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PARCC results show modest gains in some math scores for Baltimore City schools

“We are seeing movement in the right direction in math, but we are nowhere close to where we need to be,” said Chief Executive Officer Sonja Brookins Santelises. “Annual gains of one or two percentage points are not enough for us to move our students to levels of true readiness for college and careers.” (GRAPH: BALTIMORE CITY PUBLIC SCHOOLS)

BALTIMORE (WBFF) -- The second year of PARCC results for Baltimore City Schools show modest gains in some math scores, but officials say students across the state as a whole outperformed Baltimore students at all grade levels.

“We are seeing movement in the right direction in math, but we are nowhere close to where we need to be,” said Chief Executive Officer Sonja Brookins Santelises. “Annual gains of one or two percentage points are not enough for us to move our students to levels of true readiness for college and careers.”

The results come from the spring 2016 Partnership for Assessment of Readiness for College and Careers (PARCC), a test first administered to Maryland students in 2015. PARCC, intended to measure readiness for graduation, is graded on the following 5-point scale:

  1. Did not yet meet expectations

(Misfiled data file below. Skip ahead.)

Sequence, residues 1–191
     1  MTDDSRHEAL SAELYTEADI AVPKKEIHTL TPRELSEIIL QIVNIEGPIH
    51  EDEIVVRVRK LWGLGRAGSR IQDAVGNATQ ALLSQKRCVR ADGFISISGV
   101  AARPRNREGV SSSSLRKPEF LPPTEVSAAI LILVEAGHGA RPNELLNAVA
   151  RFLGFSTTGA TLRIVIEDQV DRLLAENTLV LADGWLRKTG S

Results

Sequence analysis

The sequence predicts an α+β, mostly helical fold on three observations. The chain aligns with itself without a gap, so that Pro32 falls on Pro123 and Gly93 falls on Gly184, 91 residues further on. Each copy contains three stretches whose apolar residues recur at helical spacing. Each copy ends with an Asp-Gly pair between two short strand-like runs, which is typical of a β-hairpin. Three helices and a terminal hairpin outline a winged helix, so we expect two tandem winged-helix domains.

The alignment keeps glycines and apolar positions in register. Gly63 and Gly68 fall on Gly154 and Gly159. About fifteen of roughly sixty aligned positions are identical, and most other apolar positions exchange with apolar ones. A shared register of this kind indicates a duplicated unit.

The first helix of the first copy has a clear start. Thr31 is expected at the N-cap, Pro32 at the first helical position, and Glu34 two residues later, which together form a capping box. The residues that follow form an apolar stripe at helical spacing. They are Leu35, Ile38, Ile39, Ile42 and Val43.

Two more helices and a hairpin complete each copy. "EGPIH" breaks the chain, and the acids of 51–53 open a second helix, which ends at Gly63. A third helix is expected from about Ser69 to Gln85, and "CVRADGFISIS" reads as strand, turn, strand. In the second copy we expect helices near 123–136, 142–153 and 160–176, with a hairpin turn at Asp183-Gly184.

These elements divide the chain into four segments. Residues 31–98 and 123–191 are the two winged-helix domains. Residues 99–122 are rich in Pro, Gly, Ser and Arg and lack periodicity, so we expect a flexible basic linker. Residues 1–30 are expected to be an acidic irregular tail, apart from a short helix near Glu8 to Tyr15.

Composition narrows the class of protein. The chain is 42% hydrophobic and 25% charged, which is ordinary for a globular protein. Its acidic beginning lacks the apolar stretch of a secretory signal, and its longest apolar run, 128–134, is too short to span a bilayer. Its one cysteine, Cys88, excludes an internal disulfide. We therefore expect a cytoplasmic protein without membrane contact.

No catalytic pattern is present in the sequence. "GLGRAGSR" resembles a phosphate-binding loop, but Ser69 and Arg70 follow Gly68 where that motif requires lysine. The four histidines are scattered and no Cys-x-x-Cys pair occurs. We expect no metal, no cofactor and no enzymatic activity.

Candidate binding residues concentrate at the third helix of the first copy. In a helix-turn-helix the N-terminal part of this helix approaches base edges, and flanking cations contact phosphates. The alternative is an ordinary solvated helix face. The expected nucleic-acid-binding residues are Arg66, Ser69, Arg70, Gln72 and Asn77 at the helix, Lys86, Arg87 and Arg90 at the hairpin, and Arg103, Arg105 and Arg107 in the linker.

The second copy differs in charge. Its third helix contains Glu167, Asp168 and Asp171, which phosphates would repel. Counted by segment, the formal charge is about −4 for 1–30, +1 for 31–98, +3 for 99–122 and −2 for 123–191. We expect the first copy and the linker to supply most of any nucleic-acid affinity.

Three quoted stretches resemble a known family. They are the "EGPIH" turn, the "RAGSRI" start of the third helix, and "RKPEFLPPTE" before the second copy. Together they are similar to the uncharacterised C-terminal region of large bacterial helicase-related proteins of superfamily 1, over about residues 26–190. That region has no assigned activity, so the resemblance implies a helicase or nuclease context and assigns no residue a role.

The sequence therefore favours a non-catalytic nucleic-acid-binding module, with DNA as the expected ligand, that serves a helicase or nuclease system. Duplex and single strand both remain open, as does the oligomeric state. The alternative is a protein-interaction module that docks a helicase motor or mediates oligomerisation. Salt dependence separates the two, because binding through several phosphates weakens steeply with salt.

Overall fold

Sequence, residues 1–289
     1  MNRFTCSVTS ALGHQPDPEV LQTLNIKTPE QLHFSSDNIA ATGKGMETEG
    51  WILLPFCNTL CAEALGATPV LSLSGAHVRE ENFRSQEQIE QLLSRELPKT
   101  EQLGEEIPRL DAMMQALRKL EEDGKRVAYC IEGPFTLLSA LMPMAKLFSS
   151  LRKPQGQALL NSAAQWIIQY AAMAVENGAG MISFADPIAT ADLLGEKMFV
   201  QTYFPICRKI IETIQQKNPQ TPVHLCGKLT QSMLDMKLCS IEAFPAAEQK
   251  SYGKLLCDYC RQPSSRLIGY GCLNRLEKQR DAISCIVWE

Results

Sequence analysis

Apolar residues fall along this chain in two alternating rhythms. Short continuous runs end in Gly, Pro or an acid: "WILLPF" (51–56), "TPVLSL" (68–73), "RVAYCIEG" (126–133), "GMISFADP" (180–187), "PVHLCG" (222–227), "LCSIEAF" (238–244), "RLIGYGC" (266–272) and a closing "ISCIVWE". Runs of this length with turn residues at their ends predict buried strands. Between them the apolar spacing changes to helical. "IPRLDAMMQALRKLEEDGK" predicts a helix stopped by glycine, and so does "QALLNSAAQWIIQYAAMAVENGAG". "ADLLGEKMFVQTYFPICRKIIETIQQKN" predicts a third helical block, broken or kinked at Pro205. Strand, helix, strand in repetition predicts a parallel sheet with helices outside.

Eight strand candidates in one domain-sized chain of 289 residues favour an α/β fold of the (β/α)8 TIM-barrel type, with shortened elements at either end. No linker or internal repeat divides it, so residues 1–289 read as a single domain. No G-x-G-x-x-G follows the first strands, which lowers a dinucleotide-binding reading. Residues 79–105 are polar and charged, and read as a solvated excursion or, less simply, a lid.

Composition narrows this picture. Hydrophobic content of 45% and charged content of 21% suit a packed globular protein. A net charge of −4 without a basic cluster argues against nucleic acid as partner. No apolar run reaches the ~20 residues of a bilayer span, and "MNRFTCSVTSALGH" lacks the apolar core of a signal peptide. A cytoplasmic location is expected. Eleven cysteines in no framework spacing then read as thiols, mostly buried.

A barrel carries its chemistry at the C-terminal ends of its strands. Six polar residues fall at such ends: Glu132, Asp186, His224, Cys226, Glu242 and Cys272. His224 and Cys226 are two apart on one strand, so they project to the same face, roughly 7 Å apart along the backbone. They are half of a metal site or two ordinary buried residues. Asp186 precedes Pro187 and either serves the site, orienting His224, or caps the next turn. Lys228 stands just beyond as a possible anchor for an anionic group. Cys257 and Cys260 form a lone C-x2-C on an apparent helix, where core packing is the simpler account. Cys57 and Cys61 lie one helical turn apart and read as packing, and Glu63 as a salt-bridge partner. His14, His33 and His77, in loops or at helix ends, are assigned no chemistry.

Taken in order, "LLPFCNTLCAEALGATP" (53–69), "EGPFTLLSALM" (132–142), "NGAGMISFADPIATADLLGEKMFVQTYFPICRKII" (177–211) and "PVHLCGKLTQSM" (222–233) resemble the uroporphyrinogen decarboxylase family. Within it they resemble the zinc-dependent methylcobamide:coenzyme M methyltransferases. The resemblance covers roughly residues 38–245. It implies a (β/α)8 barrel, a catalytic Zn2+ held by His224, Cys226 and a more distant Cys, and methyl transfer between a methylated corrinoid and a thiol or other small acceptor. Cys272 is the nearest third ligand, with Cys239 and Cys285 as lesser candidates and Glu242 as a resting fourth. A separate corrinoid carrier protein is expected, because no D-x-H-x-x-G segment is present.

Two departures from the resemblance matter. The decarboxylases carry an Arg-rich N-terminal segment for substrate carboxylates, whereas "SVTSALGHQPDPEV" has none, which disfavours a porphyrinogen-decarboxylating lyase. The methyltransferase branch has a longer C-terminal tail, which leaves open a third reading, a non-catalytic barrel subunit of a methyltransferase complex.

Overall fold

2. Partially met expectations
  3. Approached expectations
  4. Met expectations
  5. Exceeded expectations


On the 2016 Algebra I test, 14.3% of city students scored a 4 or 5, compared to 35.6% of Maryland students overall. English language arts students in grades 4, 7, and 8 improved from 2015 to 2016, while declines were seen in grades 3, 5, 6 and in English 10.

“These declining or relatively stagnant levels of achievement in English language arts are particularly troubling to me,” said Dr. Santelises. “The new standards emphasize reading for meaning and writing for a variety of purposes, but we are not giving large numbers of our students the skills needed to master increasingly complex texts of different kinds. These results show that systemic changes are needed in the way we teach literacy and language arts, beginning in the earliest grades.”

School officials noted that students in grades 3, 6 and English 10 -- where significant declines were recorded -- took the PARCC on paper last year and switched to computers in 2016 for both English and math.

“Like the state, we are examining the effect of online testing on measures of student achievement,” said Chief Academic Officer Sean Conley. “Lack of strong infrastructure to support technology use at some of our schools creates barriers for students. We are working on ways to incorporate technology more effectively in classrooms and to provide additional training for teachers on using technology for instruction.”

Moving forward school officials say they will focus on providing direction and specific support to schools and on incorporating ongoing professional learning.

“The PARCC data confirm what I’ve seen in classrooms,” said Dr. Santelises. “While understanding of the new Maryland College and Career-Ready Standards has grown, school leaders and teachers are telling me that the district needs to provide more high-quality support around best practices in instruction that aligns to those standards. We will be working this year to give our teachers the knowledge and tools they need to accelerate our students’ progress.”

Students will take PARCC tests this year between April 18 and June 5.

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